SOME BOYS JUST RUN SMOOTHER THAN others, burn premium for fuel, not unleaded. Eric Pelly is a Jaguar of a kid, all throttle and forward lean, no square edges. From the age of six, he’s played two sports a season and trained with the zeal of a walk-on grinder, the peewee Clay Matthews. Crunches and pushups while he’s watching TV, hours of lifting after he’s home from school and blitzed through his class work, then out with his boys for games of flag football that turn into tackle without the pads. At one point, in middle school, he was bigger than other kids, but topped out — cruelly — at five-eight. He moped for weeks when the doctor told him that his growth plates had shut for good, then bore down harder to craft a body that would take him where he planned to go. Here’s a straight-A student at a high school so competitive that he’s barely in the top 100 in his class, but he’s still telling his mom what he’s said since grade school: I’m going to play pro football. You just watch.
That isn’t merely the Pittsburgh talking in him, though it seems like every male in this yellow-and-black town wants to be Troy Polamalu, or hit like him. Since he was old enough to walk or, more like it, run, Eric has craved contact the way fat kids crave soft serve. At 16, playing flanker for his high school team, the perennial section champs North Allegheny, he goes up for a pass, cracks helmets with a safety and bangs his head on the turf when he lands. By the time he’s 17, he’s had a couple of concussions that his parents, Joan and Mark, know about, and maybe another couple that they don’t. “I kept him out of football as long as I could — he knew I didn’t want him to play,” says Joan, an ex-flight attendant who stopped flying long ago so she could ferry her three kids to their games. “He was always so driven, but clever, too; he could talk you into anything,” she says. “In the end, he finally wore down my resistance.”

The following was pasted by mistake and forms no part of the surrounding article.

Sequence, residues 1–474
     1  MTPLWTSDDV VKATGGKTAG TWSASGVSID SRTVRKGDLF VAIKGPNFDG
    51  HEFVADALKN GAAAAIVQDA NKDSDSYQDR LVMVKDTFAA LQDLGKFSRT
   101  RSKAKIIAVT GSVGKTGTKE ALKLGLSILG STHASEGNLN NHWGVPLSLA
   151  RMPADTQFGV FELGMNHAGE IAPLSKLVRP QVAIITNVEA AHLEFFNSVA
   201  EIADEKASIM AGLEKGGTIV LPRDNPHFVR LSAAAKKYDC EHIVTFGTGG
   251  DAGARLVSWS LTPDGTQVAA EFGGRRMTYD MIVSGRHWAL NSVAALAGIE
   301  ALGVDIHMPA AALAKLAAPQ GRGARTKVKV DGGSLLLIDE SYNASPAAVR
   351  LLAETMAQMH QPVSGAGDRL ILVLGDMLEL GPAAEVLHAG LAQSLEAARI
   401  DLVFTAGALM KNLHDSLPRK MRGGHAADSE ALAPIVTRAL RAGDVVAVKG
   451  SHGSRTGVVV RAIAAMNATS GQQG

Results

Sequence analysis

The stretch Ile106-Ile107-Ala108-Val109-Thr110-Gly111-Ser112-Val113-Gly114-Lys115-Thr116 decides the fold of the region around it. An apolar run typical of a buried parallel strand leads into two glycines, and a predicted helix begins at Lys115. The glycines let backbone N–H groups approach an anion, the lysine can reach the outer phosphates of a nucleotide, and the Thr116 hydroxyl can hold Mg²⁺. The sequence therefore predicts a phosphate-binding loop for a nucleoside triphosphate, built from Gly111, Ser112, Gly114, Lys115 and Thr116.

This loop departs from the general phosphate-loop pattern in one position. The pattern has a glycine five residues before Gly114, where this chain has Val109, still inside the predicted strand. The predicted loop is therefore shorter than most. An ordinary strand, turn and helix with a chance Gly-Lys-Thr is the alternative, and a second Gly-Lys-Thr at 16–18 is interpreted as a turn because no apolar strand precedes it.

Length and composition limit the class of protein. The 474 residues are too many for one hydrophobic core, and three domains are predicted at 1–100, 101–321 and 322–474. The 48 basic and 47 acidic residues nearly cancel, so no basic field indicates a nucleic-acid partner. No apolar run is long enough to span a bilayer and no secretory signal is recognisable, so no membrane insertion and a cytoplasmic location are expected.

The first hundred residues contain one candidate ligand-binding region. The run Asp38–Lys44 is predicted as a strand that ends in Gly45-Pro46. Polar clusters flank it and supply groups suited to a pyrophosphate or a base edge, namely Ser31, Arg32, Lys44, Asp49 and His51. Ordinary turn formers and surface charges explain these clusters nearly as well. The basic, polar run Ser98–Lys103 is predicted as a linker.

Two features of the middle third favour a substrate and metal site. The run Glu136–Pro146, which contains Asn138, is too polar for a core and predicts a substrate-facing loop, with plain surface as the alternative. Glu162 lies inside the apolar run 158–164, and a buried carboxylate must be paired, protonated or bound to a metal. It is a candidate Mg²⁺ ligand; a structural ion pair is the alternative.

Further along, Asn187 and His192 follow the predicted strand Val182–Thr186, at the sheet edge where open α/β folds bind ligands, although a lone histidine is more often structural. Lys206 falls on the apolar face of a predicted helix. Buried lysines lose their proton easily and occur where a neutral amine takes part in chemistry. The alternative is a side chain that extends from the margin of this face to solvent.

In the fall of his junior year, Eric stumbles home after taking a shot to the jaw in a backyard football game. His friends help him in, then he slides down the wall, saying, “Mom, I got another, but don’t worry.” This concussion’s different, though: The headaches last for weeks, as does the fatigue that keeps him home on school mornings. He fights through it and goes in late, but has trouble finishing exams: His eyes seem to wobble in their sockets. “He had headaches and stuff, though he didn’t talk about it much; he was hard-nosed, always going a hundred-and-ten,” says Bill Landefeld, a friend and confidante with a concussion history himself, having wrestled in high school and college. “There are certain kids that don’t know another speed and need someone to step in and slow them down. That’s what he was missing: a coach to say stop. He’d be in the gym, lifting, while he was still concussed.”